Short Communication

Subject Category: Microbial population and community ecology

The ISME Journal (2009) 3, 632–634; doi:10.1038/ismej.2009.9; published online 19 February 2009

Siderophore production and biofilm formation as linked social traits

Freya Harrison1 and Angus Buckling1

1Department of Zoology, University of Oxford, Oxford, UK

Correspondence: F Harrison, Current address: Department of Biology and Biochemistry, University of Bath, Claverton Down, Bath BA2 7AY, UK. E-mail:

Received 12 January 2009; Accepted 13 January 2009; Published online 19 February 2009.



The virulence of pathogenic microbes can depend on individual cells cooperating in the concerted production of molecules that facilitate host colonization or exploitation. However, cooperating groups can be exploited by social defectors or ‘cheats’. Understanding the ecology and evolution of cooperation is therefore relevant to clinical microbiology. We studied two genetically linked cooperative traits involved in host exploitation by the opportunistic human pathogen Pseudomonas aeruginosa. Clones that defected from cooperative production of iron-scavenging siderophores were deficient in biofilm formation. The presence of such clones in mixed biofilms with a wild-type clone led to reduced biofilm mass. The fitness advantage of siderophore-deficient mutants in the presence of wild-type bacteria was no greater in biofilm than in planktonic culture, suggesting that these mutants did not gain an additional advantage by exploiting wild-type biofilm polymer. Reduced biofilm formation therefore represents a pleiotropic cost of defection from siderophore production.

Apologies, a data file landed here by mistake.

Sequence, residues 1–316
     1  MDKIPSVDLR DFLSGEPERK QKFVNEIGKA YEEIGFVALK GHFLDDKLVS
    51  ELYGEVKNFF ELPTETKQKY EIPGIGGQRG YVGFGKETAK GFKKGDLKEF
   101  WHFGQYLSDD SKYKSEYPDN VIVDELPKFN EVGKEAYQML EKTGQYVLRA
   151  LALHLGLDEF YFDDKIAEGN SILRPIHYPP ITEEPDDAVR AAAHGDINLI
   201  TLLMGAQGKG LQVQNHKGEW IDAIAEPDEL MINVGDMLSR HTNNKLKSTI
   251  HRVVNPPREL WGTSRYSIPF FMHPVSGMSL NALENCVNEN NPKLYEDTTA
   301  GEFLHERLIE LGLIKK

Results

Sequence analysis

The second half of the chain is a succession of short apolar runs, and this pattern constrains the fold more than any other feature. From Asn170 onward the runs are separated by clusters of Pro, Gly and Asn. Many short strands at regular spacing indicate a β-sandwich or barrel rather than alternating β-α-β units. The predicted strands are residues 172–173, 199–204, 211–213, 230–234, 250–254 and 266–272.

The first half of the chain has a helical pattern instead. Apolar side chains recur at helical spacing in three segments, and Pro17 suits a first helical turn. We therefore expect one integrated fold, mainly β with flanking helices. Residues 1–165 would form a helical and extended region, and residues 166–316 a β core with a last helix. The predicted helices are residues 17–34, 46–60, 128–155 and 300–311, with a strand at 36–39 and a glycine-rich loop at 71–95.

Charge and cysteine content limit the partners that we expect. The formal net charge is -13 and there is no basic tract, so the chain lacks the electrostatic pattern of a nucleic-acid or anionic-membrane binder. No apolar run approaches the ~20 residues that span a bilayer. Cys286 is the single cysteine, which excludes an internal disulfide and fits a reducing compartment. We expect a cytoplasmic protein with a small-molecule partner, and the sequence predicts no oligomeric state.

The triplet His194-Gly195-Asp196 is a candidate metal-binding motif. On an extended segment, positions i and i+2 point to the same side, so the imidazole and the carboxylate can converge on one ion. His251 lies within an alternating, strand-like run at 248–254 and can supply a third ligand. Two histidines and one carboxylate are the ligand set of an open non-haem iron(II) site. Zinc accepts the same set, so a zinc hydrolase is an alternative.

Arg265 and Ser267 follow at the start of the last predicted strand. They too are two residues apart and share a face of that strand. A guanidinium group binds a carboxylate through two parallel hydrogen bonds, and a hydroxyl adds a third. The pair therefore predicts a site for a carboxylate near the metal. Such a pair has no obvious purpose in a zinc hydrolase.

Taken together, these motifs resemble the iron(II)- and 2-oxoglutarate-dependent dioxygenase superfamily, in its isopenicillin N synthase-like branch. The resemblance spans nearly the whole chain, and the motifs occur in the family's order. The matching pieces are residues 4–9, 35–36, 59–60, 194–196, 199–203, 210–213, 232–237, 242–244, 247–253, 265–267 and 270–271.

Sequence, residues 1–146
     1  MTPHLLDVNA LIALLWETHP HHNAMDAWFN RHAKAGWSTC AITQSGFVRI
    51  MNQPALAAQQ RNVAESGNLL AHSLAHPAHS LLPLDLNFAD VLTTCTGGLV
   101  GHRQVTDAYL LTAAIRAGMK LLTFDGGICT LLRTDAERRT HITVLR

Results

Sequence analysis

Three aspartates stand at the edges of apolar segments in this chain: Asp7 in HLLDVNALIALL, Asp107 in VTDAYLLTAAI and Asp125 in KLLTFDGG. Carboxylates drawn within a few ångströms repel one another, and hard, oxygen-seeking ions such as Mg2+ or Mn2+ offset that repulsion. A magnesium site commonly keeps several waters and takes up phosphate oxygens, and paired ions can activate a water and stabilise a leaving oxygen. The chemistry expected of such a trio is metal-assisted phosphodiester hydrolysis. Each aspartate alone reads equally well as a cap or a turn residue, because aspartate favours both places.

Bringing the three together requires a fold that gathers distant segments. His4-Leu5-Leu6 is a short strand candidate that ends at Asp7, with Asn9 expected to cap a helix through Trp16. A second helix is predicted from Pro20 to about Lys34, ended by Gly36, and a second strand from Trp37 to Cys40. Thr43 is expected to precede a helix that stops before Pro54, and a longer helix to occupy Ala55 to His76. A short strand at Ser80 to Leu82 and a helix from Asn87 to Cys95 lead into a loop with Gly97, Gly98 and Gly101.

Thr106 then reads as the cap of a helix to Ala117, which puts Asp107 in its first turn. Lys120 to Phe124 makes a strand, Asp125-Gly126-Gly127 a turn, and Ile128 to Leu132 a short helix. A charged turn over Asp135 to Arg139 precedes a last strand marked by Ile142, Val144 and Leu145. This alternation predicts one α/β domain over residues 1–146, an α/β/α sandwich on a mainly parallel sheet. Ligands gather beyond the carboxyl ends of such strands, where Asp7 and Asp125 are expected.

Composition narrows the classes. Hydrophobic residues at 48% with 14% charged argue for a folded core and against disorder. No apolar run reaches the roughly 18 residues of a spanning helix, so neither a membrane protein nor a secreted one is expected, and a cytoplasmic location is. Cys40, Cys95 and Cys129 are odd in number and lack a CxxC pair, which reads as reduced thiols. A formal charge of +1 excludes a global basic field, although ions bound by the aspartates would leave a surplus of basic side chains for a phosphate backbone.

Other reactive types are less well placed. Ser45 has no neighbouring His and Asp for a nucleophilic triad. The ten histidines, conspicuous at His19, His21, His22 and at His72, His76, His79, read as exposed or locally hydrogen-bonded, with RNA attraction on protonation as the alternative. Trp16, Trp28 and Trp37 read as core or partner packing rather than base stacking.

biofilm, cooperation, cystic fibrosis, iron, Pseudomonas aeruginosa, siderophores


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